Articles > New Red Alga Discovered In Mediterranean Sea

New Red Alga Discovered In Mediterranean Sea

May 18, 2009) — An international team of researchers led by the University of Girona (UoG) has described a new species of red algae (Leptofauchea coralligena) in the western Mediterranean. This is the only species of the Leptofauchea genus currently known to be in the Mediterranean.

"The species that we have described, Leptofauchea coralligena,
is a deep water red alga which can often be found in the western
Mediterranean between the end of winter and autumn. It is of great
ecological importance, given that it is a species characteristic of the
coral lining situated between 30 and 45 metres below the surface",
explains Conxi Rodríguez-Prieto, main author of the study and director
of the UoG’s Marine Benthic Algae team.

The study of the red algae is mainly based on the morphology of the
female reproductive structure and on the post-fertilisation stages.
Rodríguez-Prieto affirms that "many macroalgae species were described
based on sterile specimens, leading to many being classified in the
wrong taxonomic groups (order, family, genus, species, and even class)".

This is what happened with Leptofauchea coralligena, which,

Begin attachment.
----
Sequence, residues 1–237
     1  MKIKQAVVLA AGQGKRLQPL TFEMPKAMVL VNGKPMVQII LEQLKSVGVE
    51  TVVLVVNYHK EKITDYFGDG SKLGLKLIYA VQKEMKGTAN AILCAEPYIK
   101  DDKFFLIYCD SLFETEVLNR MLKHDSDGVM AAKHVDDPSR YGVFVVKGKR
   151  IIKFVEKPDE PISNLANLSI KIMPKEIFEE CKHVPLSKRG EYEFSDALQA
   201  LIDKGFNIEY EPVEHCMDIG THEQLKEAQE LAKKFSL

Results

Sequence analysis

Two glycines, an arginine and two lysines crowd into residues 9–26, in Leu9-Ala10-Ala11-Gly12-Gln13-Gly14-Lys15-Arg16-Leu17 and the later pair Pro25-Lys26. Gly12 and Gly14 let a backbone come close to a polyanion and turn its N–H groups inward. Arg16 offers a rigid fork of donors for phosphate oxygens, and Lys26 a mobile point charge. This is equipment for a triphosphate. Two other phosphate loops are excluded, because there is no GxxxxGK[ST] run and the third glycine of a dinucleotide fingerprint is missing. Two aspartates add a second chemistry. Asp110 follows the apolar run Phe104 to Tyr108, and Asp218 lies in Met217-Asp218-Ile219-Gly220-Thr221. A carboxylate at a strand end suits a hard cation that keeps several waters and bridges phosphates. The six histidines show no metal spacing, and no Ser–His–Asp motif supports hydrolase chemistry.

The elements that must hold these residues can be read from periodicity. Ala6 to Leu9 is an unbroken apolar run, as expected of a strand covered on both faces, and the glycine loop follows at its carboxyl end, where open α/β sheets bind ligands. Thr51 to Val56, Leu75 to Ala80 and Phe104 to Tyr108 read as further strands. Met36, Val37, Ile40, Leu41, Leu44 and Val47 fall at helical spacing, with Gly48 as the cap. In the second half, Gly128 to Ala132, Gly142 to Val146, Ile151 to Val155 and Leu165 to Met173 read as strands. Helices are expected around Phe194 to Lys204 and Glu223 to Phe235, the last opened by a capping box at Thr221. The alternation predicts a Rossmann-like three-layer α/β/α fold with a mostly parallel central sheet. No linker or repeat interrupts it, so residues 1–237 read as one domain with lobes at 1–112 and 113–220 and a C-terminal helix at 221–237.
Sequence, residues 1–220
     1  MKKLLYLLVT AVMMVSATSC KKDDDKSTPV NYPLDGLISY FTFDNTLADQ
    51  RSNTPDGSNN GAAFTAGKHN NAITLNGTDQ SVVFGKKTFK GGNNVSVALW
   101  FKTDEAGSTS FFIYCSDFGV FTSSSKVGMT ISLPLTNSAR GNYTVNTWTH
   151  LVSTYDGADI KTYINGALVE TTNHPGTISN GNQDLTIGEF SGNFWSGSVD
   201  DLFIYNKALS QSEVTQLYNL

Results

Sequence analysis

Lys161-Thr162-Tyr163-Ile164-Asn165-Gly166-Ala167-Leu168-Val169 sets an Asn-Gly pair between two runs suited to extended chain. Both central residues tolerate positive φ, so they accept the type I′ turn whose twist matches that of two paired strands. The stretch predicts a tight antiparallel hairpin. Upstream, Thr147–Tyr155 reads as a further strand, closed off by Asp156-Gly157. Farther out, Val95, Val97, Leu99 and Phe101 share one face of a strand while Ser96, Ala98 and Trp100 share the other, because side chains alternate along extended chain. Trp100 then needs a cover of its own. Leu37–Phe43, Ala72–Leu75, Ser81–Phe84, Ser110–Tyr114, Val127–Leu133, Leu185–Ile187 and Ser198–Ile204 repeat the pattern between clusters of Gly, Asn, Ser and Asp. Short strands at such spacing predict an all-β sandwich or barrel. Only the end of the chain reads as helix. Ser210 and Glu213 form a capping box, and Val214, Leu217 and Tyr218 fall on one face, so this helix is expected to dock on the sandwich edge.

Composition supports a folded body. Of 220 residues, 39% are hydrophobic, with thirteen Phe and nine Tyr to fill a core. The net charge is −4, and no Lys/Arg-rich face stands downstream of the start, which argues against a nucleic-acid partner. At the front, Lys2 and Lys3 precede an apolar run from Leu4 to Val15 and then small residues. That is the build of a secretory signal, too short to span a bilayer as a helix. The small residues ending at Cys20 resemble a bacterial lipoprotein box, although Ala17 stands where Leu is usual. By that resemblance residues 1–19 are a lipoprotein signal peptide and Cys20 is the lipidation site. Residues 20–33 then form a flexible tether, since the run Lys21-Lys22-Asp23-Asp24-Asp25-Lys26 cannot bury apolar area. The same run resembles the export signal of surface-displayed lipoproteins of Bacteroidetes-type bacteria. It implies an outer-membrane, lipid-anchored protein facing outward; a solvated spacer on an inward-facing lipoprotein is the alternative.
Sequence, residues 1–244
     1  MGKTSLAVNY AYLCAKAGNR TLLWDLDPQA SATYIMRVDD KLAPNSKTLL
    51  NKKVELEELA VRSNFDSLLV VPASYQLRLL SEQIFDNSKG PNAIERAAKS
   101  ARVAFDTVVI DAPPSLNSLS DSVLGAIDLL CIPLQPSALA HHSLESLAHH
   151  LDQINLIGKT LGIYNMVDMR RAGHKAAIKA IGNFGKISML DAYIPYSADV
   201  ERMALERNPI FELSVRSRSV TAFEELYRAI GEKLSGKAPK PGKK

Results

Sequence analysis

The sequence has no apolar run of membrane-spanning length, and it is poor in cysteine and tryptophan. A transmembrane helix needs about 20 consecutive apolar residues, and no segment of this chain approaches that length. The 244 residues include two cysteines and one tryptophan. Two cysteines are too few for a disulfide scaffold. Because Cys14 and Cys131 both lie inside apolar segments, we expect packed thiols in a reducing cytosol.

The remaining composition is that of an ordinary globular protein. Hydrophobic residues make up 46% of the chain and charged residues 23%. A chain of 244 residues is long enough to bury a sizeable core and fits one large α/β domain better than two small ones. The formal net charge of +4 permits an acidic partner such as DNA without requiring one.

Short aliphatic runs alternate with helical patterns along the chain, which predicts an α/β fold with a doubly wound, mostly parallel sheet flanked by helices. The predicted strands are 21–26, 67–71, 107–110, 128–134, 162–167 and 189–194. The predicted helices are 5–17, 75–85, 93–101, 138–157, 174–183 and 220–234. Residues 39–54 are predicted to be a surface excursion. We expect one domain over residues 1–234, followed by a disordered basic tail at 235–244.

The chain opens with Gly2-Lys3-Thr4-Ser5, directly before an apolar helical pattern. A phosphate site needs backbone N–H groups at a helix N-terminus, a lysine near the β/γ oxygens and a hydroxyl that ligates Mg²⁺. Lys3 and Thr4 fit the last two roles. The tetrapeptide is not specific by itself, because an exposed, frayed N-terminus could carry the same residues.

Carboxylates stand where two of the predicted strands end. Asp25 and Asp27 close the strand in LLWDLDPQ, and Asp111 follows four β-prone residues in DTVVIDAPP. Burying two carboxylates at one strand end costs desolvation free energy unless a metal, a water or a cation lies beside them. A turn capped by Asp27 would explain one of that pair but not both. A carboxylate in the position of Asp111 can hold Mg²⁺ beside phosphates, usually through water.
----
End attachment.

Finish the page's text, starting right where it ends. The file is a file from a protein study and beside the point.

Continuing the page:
"despite being a very common species, until now was thought to belong
to the Rhodymenia genus, and specifically to the Rhodymenia ardissonei
species", clarifies the researcher.

However, "the authentic Rhodymenia ardissonei is a common but sparse
species which lives close to the surface and reproduces in a different
manner (which is why it belongs even to a different family)", points
out the scientist. The description of Leptofauchea coralligena,
a new species for science, was possible thanks to the fact that
researchers found fertile specimens and could study their reproduction.

The study, recently published in the European Journal of Phycology,
included the collaboration of Olivier De Clerck, a researcher from the
University of Ghent (Belgium) and phycologist who is "very well-known
internationally and someone with whom we have collaborated for years",
adds Rodríguez-Prieto. DNA sequencing was used to confirm that the new
species belongs to the Leptofauchea genus.

Getting to know marine biodiversity

The Mediterranean has a great diversity of algae, but they are
little known due to being so difficult to collect; they grow all the
way from the surface down to 110 metres in depth. According to
Rodríguez-Prieto, "the study of marine macroalgae is notably delayed in
comparison to that of land plants", because individual diving did not
begin until the mid 20th century.

The scientific community considers the "conservation of
biodiversity" fundamental , and it is therefore necessary to know which
species currently exist and what their physiological requirements are.

The UoG team, specialised in the reproduction, ecophysiology and
ecology of red algae, especially those in deep water, is currently
carrying out diverse studies on the effects of climate change. The
scientists hope to "determine if the warming of the Mediterranean may
affect the development and growth of various macroalgae species, among
them the Leptofauchea coralligena", says Rodríguez-Prieto.

Source : Plataforma SINC


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